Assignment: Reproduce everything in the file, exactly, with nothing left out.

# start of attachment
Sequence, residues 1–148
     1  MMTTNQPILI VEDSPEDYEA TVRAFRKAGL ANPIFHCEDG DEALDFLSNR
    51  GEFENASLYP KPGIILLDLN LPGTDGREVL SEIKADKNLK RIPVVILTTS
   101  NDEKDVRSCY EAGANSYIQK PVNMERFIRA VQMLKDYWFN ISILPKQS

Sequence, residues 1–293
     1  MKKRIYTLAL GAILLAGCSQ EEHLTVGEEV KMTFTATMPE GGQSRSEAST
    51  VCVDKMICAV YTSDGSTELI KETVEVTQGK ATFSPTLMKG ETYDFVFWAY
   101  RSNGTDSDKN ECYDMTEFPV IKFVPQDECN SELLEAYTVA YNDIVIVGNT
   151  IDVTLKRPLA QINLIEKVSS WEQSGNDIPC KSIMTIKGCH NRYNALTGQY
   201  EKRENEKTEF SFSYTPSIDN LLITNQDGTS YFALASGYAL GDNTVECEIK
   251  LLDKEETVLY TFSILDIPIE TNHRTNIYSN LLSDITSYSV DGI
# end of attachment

Sequence, residues 1–148
     1  MMTTNQPILI VEDSPEDYEA TVRAFRKAGL ANPIFHCEDG DEALDFLSNR
    51  GEFENASLYP KPGIILLDLN LPGTDGREVL SEIKADKNLK RIPVVILTTS
   101  NDEKDVRSCY EAGANSYIQK PVNMERFIRA VQMLKDYWFN ISILPKQS

Sequence, residues 1–293
     1  MKKRIYTLAL GAILLAGCSQ EEHLTVGEEV KMTFTATMPE GGQSRSEAST
    51  VCVDKMICAV YTSDGSTELI KETVEVTQGK ATFSPTLMKG ETYDFVFWAY
   101  RSNGTDSDKN ECYDMTEFPV IKFVPQDECN SELLEAYTVA YNDIVIVGNT
   151  IDVTLKRPLA QINLIEKVSS WEQSGNDIPC KSIMTIKGCH NRYNALTGQY
   201  EKRENEKTEF SFSYTPSIDN LLITNQDGTS YFALASGYAL GDNTVECEIK
   251  LLDKEETVLY TFSILDIPIE TNHRTNIYSN LLSDITSYSV DGI